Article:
Michael Wyly and Danielle Widemann
will be offering a Learning Communities course in Spring ‘07 entitled:
“English 2 and Geology 1: Earth Voices, the Earth and Our Human
How do humans define their roles in contrast to environmental
considerations? Robinson Jeffers’s poetry explores the human animal as
an element of the natural world. In so doing, he puts in perspective our
lifetime with processes of geologic time.
Gretel Ehrlich humanizes the experience of losing our cold climate areas
of the world. Edward Abbey’s Desert Solitaire explores what exists and
what has been lost in the North American desert. Our theme will include
the human impacts on the Earth as far as mining, resources, water
control, global warming, and other related topics.
Josh Stein and Danielle Widemann are also in the process of creating a
Learning Communities course for Fall ‘07 tentatively titled: “English 1
and Geography 1: Mother Nature in the Left Corner, Humans in the Right
Corner, Where will we go from here?”
The course’s main focus will be content from the Physical Geography
course with the English Composition course’s topics drawn from the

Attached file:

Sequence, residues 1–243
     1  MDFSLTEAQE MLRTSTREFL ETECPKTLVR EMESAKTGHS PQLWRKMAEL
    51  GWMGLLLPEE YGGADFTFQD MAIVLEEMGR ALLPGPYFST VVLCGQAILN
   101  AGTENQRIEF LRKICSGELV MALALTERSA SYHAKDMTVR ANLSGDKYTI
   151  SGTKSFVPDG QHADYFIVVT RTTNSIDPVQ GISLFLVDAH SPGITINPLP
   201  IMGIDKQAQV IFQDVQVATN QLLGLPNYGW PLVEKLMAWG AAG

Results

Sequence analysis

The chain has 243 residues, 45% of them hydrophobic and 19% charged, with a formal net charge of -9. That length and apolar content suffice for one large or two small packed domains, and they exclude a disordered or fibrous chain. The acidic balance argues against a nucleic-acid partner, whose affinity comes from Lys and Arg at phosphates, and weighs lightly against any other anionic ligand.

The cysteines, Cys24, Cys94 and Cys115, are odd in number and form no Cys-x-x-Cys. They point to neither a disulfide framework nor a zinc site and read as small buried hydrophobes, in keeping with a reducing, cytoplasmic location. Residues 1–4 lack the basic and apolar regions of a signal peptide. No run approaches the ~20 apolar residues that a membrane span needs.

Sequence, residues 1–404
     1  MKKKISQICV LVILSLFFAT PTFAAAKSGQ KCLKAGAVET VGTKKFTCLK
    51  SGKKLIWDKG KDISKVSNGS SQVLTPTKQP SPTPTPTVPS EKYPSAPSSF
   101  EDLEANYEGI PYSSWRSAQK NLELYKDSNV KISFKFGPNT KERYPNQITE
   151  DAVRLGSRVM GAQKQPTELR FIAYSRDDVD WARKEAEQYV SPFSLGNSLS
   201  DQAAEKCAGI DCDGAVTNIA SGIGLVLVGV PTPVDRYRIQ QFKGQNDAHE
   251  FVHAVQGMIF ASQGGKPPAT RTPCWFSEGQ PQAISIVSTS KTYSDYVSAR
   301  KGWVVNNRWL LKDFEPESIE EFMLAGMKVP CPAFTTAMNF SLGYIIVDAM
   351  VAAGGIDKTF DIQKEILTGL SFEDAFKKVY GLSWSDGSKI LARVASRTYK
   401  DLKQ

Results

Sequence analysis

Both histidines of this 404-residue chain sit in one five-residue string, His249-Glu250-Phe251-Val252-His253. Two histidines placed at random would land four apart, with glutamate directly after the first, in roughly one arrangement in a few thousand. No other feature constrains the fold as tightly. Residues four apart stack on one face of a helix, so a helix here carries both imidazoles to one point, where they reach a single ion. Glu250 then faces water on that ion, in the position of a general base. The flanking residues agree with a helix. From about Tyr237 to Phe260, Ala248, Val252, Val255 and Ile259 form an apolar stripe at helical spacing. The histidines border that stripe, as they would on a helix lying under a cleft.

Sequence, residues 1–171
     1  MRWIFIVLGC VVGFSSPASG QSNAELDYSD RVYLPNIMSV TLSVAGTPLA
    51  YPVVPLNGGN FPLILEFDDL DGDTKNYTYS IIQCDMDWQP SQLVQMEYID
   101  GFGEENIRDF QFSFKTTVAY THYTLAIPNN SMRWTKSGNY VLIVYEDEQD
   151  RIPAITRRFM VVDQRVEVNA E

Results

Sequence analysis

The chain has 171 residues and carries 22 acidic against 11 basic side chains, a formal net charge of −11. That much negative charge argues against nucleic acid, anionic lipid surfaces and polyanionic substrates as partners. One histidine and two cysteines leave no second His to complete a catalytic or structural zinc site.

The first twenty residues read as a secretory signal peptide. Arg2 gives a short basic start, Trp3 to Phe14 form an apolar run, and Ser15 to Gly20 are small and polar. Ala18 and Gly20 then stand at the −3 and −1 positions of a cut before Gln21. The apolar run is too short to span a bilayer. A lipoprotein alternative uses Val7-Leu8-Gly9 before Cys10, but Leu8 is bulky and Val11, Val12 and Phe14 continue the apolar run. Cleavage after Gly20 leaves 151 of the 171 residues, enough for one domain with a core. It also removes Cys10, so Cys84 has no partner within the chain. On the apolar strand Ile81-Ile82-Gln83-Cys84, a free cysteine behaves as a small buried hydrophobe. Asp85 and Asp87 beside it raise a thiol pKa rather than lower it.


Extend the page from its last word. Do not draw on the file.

students’ studies in the science class. The idea is to show students
that scientific inquiry and the argument process have much more in
common than is usually understood.
The wider goal is to give students insight into the application of their
writing in a field other than English. In addition, the students will
develop a deeper learning of the science through the process of writing
and making arguments about physical geography.
In the Control of Nature by John McPhee, he writes about the Mississippi
River and man’s attempts to control and prevent the natural processes of
the river. In Geography and Geology, we learn about river systems and
consider the pros and cons of controlling rivers via extensive levee
systems, channelization and dams. In McPhee’s book, Encounters with the Archdruid, we will read the dialogue between David Brower (Sierra Club)
and Charles Parks (Mining Geologist) while they debate the issues of
open pit mining while they hike through Plummer Mountain.
In Earth Science courses, students learn basic concepts without the
in-depth connection to their everyday life, the choices they make, the
history of these choices, and how they will affect and determine the
human condition. Literary selections will therefore focus on giving a
face and a voice via the integration of the human experience.
-Article by Josh Stein, Danielle Widemann, and Michael